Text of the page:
Prior to departure, the pilots were alerted to a general warning of rain showers and a possibility of thunderstorms over Oklahoma and northern parts of Texas. The NTSB investigation revealed “the NWS terminal forecast for the DFW Airport pertinent to the accident indicated a slight chance of a thunderstorm with a moderate rain shower. The NWS area forecast pertinent to the accident called for isolated thunderstorms with moderate rain showers for northern and eastern portions of Texas.” They did not contact Delta Airlines weather center to clarify or confirm the weather reports and proceeded with the flight. While en route, they did not experience any weather or notice anything out of the ordinary until they reached Louisiana where the weather was beginning to intensify. The pilots identified this and attempted to adjust course to the north to avoid the worst weather.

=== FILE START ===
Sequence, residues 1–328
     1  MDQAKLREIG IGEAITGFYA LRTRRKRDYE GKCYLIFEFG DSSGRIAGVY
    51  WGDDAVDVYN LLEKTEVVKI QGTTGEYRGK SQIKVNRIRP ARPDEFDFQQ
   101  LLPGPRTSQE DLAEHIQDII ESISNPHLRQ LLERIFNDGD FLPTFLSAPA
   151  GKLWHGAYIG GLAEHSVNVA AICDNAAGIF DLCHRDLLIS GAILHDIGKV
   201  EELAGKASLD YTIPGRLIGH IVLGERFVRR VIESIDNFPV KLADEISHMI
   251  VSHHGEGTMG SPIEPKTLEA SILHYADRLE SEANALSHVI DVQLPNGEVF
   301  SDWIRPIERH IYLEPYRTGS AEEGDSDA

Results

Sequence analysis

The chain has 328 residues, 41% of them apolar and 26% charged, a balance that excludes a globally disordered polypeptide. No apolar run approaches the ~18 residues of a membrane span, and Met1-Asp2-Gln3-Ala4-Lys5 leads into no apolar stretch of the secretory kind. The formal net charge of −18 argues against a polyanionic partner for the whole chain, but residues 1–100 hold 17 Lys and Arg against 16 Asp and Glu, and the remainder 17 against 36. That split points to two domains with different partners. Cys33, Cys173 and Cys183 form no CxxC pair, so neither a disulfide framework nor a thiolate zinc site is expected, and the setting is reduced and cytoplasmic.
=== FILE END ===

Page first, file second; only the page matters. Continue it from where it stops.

As the flight neared the airport, the pilots noticed a large weather cell ahead and requested vectoring to avoid it. Once around the cell the crew noticed rain of Fort Worth and thought they were flying into slight showers, deciding to continue with the approach through the showers. While flight 191 was still on approach two aircraft, including a much smaller leer jet, safely landed despite the rain and before the thunderstorm closed in on them. When flight 191 emerged from the storm cloud, it was reported that the aircraft was at an unsafe attitude and instructed to go around. Shortly after this instruction, the aircraft struck the ground, becoming airborne once more before crashing into an automobile, and back into the ground bursting into flame, killing 135 passengers, crew members and the driver of the unfortunate automobile. Delta flight 191 was not brought down only because of the existence of a thunderstorm or the presence of precipitation but because of the conditions that these elements occurred in and the actions of the crew.